I received a bag of baking goodies including the self-raising flour, icing and granulated sugar and a selection of the Bart spices: ground nutmeg, ground cinnamon, mint, vanilla pod, ground nutmeg and Bristol Blend five pepper.
The recipe itself has been created by the winner of the Great British Bake-Off Edd Kimber. He came up with an idea of spicing up the classic Victoria sponge to celebrate the Queen's Diamond Jubilee this summer. The modern twist on the classic recipe included a selection of the spices from all over the world. The photo you see below is the cake baked by Edd Kimber.
Adding the pepper to the sweet cake was a novelty idea, but I like exploring new tastes.
I realised I don't have a pepper mill (the spice jar wasn't the grinder variety), so off I went to get it as well as another 20 cm round sandwich tin.
½ tsp Bart Bristol Blend Five Peppercorns
½ tsp Bart Ground Cinnamon
1 tsp Bart Ground Ginger
¼ tsp Bart Ground Nutmeg
2 tsp Bart Mint (Freeze Dried)
250g self-raising flour
¼ tsp salt
250g margarine or butter
250g Bart Vanilla Sugar
4 eggs, beaten
For the filling and topping:
250g cream cheese
150ml double cream
100g icing sugar
250g strawberries, quartered
1. Grease and line two 20cm round sandwich tins. Preheat the oven to 180C/gas 4.
2. Cream together the butter and sugar until light and creamy.
3. Mix all the ingredients together and slowly add to the mixture, along with the eggs.
4. Divide the mixture between the two tins and smooth the tops. Bake in the oven for 20-25 minutes until well-risen and golden-brown in colour, and a skewer inserted in the centre comes out clean.
5. Leave to coll in the tins for 10 minutes then turn out on the wire racks to cool completely.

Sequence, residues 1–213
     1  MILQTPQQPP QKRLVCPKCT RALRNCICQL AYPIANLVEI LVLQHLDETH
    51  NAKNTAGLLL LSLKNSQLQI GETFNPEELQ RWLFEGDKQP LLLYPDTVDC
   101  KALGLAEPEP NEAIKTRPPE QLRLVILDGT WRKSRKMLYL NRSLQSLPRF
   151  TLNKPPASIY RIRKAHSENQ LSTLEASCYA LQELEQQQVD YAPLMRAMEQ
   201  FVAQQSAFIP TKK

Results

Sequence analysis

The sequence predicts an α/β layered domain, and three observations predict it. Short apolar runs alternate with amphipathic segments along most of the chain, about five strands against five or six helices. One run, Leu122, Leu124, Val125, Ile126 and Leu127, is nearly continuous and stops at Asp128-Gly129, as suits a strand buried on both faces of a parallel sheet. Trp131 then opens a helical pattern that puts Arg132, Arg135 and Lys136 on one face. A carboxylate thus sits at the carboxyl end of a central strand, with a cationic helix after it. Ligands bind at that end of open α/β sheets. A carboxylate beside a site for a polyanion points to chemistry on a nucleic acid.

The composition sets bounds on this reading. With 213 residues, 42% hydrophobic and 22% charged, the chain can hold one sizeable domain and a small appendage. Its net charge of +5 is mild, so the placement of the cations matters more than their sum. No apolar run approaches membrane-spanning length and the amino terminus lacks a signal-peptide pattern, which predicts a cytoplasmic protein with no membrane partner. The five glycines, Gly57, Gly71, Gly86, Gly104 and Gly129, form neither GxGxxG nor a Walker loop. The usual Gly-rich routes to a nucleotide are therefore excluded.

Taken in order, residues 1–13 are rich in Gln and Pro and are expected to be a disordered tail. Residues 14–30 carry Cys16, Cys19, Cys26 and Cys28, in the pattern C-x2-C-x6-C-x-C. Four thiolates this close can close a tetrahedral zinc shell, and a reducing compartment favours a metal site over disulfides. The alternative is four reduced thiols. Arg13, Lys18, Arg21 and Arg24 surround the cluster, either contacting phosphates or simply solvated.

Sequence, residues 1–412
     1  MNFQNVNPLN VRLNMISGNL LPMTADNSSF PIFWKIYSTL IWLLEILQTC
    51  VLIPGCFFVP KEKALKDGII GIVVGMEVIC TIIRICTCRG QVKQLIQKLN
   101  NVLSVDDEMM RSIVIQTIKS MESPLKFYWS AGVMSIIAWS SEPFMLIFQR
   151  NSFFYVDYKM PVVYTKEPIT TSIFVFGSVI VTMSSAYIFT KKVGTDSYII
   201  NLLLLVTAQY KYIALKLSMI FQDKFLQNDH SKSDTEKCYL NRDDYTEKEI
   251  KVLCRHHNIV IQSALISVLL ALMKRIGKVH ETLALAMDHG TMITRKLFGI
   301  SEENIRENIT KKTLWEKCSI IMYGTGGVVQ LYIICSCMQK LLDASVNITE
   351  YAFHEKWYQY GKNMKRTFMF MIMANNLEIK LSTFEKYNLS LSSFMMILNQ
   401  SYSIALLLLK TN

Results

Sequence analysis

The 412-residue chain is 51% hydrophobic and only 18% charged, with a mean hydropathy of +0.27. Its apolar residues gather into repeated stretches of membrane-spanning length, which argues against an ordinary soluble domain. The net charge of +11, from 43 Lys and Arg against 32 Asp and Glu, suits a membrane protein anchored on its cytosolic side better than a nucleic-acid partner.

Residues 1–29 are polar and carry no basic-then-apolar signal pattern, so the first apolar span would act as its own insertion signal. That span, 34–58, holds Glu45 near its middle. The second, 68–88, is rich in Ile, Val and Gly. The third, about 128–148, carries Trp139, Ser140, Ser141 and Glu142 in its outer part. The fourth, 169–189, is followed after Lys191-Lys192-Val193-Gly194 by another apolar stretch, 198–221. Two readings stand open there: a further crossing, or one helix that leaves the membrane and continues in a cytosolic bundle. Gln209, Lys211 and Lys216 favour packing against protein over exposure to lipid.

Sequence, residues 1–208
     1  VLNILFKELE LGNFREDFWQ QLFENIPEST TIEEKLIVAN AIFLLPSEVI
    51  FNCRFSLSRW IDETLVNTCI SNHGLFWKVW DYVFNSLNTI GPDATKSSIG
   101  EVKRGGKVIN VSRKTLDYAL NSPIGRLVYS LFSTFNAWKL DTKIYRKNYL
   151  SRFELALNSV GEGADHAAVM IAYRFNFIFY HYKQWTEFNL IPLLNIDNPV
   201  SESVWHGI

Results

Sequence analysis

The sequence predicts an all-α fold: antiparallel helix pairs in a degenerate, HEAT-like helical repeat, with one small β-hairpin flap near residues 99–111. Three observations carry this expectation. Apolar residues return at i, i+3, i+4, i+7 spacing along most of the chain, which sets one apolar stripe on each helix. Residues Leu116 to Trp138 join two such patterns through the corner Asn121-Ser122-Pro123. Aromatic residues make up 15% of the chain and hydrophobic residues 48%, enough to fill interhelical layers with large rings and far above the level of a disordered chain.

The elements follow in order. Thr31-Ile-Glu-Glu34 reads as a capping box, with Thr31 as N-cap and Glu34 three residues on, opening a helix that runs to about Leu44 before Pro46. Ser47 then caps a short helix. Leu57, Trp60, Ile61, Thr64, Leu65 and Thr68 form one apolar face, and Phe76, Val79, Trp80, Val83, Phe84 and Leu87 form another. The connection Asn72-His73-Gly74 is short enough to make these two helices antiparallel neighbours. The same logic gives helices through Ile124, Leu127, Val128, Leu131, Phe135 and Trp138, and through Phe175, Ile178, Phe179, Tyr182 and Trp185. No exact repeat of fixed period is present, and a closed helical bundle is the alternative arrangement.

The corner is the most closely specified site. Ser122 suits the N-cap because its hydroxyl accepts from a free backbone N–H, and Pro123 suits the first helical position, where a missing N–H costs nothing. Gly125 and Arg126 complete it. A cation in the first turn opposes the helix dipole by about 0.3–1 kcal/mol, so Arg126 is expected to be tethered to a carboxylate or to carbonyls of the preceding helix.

6. When completely cool, cut each cake horizontally so you have four thin cakes.
To make the task easier, I would suggest cut a line around the cake in the middle and then put a thread around like this.
Then pull both ends of the thread together and hey presto you have two neat layers.
7. To make the filling beat together the cream cheese, cream and icing sugar until thick and smooth. Spread the cream on top of one cake layer and scatter over one quarter of strawberries and blueberries.
Top with another cake and repeat.
I had a feeling that the filling might be too runny with that amount of the cream, but against my cooking instincts decided to follow the recipe. It was runny, as I thought.
I would love to know how Edd managed to bake such straight flat layers. Both of my sponges were dome-shaped, so the cake wasn't flat either.
I also added more strawberries (400g as opposed to 200g in the recipe above, but reduced the amount of blueberries).
As you can see from the photo above, my flag was more like a blue and red rug, the berries kept sliding down. I decided: fine, this is not a flag, this is a rug for the corgi. So, I quickly cut out a piece of the white marzipan and using the writing icing drew a cartoonish dog.
What's the verdict on the taste? I think the selection of the spices was a bit too random. The strong ginger suppresses the more delicate flavours of the vanilla, and to my taste, there was too much mint as well. The five pepper blend adds an intriguing warmth to the cake and works well with the cinnamon and nutmeg.
The sponge itself is very light, and the cake is very moist due to the amount of the filling and berries.
If I were to bake this cake again, I would probably remove the ginger altogether and reduce the amount of mint. I would also add much less cream to the filling to make it thicker. Or make a different cream altogether, with the cream cheese, vanilla sugar and butter, or a mix of mascarpone and ricotta.
At the same time I applaud the inventiveness behind this recipe. It looks festive and has an original taste.
P.S. This cake tastes better the next day, once all the layers have absorbed the cream. Our visitors loved it. My husband thought it was "exceptionally good".